2. Some people don’t like to celebrate Easter because they don’t believe that it is, like Christmas, celebrated during the correct time of year.
We’ll talk more about this later. However, for now, let me say that I don’t believe we can know for certain what day of the year Jesus was born, but I do believe we can know with great certainty the day, time, and year of His death. Therefore, it wouldn’t be difficult to declare with certainty the actual date that Jesus was raised from the dead.
But more on that in our next episode.
Now, there are plenty of other issues we could discuss concerning the crucifixion and Resurrection of Christ. But, we’re not going to deal with the heretical positions people take like whether or not He actually died. Those arguments are invalid and pointless given the clear biblical data.
But there is a disagreement over the crucifixion that I believe is answered biblically, and yet it still pervades our protestant thinking.
Now, to be fair, I don’t believe that anyone should separate from people who observe the crucifixion on a different day than someone else. I don’t believe it keeps someone from being saved or anything like that. But I do believe it’s very important because God took so much time and provided us with so much detail in order for us to understand it. So, I have to ask, if it’s clearly presented in Scripture, then why would we continue purposefully observing the wrong days?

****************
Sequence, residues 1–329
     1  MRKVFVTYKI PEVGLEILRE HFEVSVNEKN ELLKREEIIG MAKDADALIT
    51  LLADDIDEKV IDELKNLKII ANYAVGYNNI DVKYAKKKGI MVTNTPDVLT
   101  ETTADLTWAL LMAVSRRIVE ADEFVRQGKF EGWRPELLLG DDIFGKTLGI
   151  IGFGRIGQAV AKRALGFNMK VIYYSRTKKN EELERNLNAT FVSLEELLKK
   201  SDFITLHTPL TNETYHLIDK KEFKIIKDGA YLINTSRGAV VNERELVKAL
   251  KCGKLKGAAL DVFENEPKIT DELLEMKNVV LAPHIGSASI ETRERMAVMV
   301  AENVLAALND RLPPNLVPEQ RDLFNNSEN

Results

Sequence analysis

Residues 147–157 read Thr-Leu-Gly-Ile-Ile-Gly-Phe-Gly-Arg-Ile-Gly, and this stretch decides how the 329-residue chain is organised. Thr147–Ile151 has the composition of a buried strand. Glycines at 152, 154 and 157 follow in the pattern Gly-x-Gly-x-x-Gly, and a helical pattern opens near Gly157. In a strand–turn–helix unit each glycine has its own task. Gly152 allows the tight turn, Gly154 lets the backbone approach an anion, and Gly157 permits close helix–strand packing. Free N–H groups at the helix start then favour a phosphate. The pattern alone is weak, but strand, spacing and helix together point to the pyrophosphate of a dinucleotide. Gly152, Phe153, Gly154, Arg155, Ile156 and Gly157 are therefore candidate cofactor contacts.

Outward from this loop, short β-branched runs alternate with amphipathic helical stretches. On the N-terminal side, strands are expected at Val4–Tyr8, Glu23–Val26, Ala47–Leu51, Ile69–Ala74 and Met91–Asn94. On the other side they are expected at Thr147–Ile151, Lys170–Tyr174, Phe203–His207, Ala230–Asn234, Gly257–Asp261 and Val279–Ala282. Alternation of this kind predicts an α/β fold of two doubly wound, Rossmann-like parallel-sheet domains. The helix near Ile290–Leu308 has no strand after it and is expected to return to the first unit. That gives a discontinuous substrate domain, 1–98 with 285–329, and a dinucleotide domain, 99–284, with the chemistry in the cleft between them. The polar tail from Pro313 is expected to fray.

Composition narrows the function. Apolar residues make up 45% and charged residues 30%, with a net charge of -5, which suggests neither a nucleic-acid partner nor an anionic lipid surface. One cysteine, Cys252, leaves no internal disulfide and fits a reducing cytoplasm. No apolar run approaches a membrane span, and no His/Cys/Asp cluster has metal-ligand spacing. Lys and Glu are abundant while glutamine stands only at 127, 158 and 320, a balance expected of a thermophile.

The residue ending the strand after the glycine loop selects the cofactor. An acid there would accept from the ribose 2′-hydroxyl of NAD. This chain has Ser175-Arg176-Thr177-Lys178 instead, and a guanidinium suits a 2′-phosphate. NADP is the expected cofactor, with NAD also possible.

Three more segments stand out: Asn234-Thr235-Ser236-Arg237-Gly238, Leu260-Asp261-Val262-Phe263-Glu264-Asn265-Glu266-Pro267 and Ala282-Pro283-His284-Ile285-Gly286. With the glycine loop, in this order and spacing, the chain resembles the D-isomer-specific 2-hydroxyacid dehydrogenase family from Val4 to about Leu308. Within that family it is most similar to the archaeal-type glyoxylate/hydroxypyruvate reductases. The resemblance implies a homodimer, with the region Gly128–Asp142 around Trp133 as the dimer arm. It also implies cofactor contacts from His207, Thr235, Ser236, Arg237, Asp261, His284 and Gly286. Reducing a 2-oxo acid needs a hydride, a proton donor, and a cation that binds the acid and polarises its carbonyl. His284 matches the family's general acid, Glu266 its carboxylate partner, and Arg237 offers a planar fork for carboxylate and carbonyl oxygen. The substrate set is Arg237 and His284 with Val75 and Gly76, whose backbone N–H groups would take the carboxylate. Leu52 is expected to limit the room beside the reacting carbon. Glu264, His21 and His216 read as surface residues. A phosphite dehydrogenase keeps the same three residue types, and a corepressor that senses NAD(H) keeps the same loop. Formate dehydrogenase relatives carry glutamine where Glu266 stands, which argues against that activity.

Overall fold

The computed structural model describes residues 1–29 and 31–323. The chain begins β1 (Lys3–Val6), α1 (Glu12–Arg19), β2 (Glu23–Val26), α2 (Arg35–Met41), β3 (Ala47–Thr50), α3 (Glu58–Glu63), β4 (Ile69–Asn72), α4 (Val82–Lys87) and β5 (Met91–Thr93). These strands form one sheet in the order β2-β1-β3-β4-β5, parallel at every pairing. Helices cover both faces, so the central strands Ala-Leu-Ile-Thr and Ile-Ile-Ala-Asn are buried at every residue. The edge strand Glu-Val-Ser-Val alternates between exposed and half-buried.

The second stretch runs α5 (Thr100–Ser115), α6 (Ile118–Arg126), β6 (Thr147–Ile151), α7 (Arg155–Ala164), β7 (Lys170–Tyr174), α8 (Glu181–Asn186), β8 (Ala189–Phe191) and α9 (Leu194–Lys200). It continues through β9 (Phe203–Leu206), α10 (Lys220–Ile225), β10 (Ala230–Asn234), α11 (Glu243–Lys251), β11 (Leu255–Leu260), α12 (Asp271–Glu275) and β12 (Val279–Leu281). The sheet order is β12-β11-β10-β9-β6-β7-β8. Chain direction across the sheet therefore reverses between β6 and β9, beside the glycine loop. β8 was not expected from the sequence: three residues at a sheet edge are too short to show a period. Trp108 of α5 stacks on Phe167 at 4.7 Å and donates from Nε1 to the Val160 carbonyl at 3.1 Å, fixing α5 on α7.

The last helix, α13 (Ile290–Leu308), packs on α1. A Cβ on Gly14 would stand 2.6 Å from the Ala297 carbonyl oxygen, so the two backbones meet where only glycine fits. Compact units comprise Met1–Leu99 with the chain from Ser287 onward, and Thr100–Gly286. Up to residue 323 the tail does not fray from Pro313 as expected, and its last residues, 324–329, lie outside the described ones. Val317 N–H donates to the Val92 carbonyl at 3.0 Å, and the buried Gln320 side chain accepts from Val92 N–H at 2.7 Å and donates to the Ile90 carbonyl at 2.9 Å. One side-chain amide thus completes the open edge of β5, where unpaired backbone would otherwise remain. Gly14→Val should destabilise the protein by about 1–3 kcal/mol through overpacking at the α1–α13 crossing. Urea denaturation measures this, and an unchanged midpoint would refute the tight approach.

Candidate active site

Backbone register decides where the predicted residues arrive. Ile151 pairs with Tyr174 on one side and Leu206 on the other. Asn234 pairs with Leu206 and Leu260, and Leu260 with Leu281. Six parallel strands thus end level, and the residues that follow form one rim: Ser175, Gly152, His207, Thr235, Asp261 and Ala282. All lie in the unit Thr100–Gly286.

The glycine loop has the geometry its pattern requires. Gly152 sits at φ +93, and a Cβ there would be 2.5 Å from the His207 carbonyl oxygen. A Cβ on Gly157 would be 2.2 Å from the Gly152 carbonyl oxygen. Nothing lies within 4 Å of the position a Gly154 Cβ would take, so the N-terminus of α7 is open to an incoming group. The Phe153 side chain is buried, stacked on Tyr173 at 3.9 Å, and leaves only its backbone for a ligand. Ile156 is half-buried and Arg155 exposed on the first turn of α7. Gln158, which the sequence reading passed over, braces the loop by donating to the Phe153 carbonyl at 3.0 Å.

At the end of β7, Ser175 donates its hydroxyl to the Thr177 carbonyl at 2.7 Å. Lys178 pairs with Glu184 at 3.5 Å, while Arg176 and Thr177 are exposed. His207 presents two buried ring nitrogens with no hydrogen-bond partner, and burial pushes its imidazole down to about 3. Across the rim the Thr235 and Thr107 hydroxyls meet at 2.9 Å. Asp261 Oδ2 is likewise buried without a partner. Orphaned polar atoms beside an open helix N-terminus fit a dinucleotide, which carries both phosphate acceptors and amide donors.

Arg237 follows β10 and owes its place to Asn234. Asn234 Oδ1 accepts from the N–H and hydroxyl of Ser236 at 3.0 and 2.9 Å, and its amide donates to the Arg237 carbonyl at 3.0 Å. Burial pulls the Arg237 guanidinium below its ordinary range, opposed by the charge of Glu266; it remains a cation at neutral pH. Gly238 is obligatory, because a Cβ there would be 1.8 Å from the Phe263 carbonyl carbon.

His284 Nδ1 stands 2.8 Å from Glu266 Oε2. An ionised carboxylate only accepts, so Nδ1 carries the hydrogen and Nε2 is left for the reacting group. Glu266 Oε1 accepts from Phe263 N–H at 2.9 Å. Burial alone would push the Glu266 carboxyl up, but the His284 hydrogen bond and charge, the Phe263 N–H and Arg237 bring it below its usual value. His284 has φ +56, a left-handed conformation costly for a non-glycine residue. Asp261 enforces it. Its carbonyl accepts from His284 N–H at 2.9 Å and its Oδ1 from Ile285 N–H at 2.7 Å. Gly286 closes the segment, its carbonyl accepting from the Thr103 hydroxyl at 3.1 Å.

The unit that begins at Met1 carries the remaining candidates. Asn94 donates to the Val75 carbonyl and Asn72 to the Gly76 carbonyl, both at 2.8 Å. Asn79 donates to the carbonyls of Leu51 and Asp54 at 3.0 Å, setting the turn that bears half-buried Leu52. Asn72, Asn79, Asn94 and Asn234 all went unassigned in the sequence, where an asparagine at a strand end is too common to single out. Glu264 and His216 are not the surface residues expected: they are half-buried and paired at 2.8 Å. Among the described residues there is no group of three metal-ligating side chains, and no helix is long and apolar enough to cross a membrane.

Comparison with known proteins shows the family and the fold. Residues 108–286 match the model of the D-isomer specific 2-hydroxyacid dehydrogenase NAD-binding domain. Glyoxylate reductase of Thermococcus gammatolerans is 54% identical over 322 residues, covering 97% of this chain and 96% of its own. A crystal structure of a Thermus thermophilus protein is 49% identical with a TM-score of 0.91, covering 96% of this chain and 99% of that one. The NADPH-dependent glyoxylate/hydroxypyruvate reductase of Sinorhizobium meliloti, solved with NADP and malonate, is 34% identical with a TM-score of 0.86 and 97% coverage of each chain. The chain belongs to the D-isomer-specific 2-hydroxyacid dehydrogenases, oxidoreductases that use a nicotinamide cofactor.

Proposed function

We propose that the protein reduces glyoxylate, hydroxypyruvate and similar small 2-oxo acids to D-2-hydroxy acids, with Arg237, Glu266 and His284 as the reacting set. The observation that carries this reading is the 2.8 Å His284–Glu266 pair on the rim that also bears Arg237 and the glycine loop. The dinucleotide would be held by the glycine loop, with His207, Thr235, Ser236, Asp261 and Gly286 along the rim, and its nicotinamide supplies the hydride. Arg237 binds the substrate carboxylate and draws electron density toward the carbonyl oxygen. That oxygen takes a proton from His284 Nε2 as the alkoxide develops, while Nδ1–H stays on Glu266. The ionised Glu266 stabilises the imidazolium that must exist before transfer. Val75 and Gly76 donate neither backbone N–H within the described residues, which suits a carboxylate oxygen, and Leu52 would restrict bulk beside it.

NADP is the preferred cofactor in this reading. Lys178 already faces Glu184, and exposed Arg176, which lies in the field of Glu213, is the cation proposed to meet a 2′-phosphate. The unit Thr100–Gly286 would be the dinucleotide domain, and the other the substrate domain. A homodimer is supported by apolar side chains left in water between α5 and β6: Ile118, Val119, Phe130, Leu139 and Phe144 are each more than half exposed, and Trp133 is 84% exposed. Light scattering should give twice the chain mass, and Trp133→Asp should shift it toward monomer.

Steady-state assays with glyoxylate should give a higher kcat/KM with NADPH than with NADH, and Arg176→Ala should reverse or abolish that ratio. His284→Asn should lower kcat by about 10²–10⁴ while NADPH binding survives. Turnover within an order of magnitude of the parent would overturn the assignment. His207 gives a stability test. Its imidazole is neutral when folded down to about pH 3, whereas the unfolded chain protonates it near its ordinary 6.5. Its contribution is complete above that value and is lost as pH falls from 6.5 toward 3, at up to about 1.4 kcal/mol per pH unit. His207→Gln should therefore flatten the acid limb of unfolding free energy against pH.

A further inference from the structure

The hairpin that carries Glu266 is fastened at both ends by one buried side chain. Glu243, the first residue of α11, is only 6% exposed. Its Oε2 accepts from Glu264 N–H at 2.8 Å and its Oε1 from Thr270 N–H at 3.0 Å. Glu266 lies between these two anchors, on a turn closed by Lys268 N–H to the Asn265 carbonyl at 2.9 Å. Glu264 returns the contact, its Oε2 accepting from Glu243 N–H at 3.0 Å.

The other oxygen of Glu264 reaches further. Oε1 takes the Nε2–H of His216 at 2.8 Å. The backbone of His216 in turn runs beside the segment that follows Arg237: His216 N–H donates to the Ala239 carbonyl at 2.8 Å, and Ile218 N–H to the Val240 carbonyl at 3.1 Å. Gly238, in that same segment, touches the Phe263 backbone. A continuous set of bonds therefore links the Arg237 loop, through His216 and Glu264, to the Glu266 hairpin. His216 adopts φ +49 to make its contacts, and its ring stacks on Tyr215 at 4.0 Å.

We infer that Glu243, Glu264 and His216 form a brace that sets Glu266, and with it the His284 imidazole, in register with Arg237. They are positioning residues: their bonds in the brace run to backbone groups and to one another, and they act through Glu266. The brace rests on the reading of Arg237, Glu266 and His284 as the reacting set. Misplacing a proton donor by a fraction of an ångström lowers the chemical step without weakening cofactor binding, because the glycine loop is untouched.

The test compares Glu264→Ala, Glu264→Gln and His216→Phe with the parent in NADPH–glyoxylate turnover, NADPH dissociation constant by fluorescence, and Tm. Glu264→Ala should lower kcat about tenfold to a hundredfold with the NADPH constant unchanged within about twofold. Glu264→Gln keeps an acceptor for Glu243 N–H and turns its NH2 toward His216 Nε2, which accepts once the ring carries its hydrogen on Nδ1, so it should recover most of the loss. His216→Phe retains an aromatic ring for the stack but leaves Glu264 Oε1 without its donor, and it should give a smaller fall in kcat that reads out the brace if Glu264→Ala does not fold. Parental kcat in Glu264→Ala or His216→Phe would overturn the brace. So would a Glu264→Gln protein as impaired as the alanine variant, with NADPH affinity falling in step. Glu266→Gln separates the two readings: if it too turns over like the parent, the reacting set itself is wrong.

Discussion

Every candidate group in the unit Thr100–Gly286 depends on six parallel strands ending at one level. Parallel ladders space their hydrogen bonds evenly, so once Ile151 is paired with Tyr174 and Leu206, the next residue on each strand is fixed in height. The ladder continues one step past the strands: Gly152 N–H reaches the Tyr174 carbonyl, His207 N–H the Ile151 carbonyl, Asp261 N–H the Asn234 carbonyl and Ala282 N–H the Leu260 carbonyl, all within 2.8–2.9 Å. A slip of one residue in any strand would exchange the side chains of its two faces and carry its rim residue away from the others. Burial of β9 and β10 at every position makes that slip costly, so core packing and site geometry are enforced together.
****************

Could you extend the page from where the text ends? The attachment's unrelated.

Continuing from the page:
So, with that gauntlet-like challenged flung at our feet . . . let’s begin
3. Some people don’t like to celebrate Good Friday because they don’t believe Christ was crucified on Friday.
Now, before grappling with this struggle, we have to acknowledge our own blindspots.
So, here we go. I, Aaron Michael Brewster and the Celebration of God staff do not believe that Jesus was crucified on Friday.
“What’s the big deal? Why is it worth challenging the status quo?” you ask.
Honestly, I’m sharing this because I believe we should all desire to be as accurate with our handling of the Scriptures as possible regardless of the topic.
Let’s start by trying to determine why people for so long have observed the Crucifixion on Friday.
The main argument for the Friday crucifixion comes from Mark 15:42, “And now when the even was come, because it was the preparation, that is, the day before the sabbath.” And then the passage goes on to describe Jesus being taken from the cross. This means that Jesus was crucified the day before the Sabbath, and everyone knows the Jewish Sabbath is on Saturday. That’s why the majority of Christians observe the crucifixion on Friday.